2. Also in first grade, a girl in my class peed in her pants. I told this guy that I was seriously crushing on because I thought it would make him fall madly in love with me. My teacher gave me a time out. I guess I thought urine was a pretty hot topic of convo back then.
  3. In fifth grade, my boyfriend hacked into my AIM account. Gasp!!!!

I think it’s clear to see that true controversy doesn’t extend pass elementary school. So please, for heaven fucking sake, let me write my gossip column in the school paper. I meant, let me write about local pregnant teenagers.

On Wearing My Big Girl Pants (Thongs)

view more

Throughout my experience as a normal female, I have seen many who know the “yes’s” and many who don’t to wearing proper, feminine underwear.  In my eyes, there are only a few excuses as to why one would not wear a thong: she additionally uses her panties as a sanitary napkin, she cannot control her urine, and she does not know the lingerie aisle exists (even at K-Mart).

Don’t get me wrong – whether you’re a Chuck Bass-craving ten year old or a thirty-something who still lives with her parents, I can lend you salvation. I was once a thong virgin, as my overprotective mother insisted these undergarments were too provocative. What she didn’t realize was that thongs couldn’t possibly be provocative if they were in my pants and no one saw them. So, I was a sixth grader strutting around in yoga pants and Hanes’ “Hip Huggers.”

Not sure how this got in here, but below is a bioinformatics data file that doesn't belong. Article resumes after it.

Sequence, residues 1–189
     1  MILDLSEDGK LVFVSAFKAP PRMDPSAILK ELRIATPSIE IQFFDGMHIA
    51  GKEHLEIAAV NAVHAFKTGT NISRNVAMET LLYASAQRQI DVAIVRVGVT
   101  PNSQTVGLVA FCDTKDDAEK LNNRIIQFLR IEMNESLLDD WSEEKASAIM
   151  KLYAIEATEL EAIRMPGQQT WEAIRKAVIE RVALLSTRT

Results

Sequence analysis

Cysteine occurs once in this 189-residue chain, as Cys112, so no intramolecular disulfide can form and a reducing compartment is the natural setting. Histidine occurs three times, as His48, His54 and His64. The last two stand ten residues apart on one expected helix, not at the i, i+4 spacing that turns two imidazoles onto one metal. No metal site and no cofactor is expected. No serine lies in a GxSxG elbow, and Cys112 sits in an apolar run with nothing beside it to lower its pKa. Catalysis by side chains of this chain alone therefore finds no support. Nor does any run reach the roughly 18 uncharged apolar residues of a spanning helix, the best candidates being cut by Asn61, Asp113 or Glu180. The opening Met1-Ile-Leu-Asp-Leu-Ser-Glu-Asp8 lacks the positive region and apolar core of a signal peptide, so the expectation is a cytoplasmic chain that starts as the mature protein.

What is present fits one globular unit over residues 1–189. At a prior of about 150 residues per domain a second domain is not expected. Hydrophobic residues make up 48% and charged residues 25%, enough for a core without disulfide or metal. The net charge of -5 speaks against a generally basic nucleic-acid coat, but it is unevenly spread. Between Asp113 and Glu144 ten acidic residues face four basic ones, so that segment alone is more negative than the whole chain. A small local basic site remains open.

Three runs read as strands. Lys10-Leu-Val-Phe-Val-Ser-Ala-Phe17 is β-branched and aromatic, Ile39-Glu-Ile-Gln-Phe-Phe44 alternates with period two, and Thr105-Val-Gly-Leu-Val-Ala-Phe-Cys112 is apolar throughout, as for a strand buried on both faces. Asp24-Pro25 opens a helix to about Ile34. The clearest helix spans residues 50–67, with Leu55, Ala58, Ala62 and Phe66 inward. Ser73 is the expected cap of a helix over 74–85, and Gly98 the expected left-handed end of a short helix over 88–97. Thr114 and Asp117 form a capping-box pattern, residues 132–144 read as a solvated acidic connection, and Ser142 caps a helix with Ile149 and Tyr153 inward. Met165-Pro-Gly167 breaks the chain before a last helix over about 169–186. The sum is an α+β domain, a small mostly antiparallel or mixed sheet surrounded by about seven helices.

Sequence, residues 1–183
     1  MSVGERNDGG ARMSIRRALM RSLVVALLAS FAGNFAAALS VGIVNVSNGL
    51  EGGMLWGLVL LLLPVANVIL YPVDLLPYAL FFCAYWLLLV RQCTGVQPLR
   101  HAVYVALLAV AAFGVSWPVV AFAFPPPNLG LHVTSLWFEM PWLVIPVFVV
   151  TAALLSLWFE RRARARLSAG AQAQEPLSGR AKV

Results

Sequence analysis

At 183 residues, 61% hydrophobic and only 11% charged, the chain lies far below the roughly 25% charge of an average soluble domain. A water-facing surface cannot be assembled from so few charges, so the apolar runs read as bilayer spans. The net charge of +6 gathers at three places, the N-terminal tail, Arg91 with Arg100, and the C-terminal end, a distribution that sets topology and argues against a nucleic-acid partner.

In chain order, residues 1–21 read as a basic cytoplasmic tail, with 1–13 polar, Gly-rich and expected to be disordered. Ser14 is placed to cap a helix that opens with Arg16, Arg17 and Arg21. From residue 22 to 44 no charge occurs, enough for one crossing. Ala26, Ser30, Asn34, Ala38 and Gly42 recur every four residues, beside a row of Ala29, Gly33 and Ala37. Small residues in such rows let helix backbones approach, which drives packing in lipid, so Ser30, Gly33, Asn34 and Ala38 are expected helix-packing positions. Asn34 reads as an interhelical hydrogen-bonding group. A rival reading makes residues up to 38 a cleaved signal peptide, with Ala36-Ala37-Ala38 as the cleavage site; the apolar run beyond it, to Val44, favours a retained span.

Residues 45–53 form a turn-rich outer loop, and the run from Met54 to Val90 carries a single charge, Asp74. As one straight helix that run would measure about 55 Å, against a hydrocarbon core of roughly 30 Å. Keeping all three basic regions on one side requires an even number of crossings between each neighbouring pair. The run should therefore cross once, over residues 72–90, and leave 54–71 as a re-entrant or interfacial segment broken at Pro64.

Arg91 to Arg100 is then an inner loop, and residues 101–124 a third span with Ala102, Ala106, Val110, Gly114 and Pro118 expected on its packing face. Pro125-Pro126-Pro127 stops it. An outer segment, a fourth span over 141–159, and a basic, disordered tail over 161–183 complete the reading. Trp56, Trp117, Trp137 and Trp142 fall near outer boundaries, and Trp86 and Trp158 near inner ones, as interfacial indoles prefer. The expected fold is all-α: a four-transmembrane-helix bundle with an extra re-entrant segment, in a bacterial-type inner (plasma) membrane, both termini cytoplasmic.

I was definitely not wearing a thong here. (Top row, third from the right.)

I was definitely not wearing a thong here. (Top row, third from the right.)

Sixth grade was also the year that my grandfather passed away. On his birthday in April we went to visit his grave, throwing ourselves a nice little picnic. I had decided to wear my brown leggings that day, of course, neglect of thong. I remember running around the graveyard with my little brothers and cousins. It looked just like a scene from The Sound of Music. My Julie Andrews moment was shattered when I noticed my mother staring at my ass in disgust. She called me over to tell me the most beautiful, ugly truth. “Hannah,” she said, “it’s time to get you a thong.”

This day was arguably one of the most significant in my life because I became a woman.  Who knew that all it took was $20 at Target? I highly recommend the 5 for $25 deal at Victoria’s Secret as well.

Here is a checklist to help the average granny-panty wearer get started:

  1. Do you still have wedgies?
  2. Do you wonder why your Kim Kardashian-esque ass hasn’t been checked out?
  3. Is your favorite designer Fruit of the Loom?
  4. Does your aging mother still shop for your panties?
  5. Have you been single your entire life?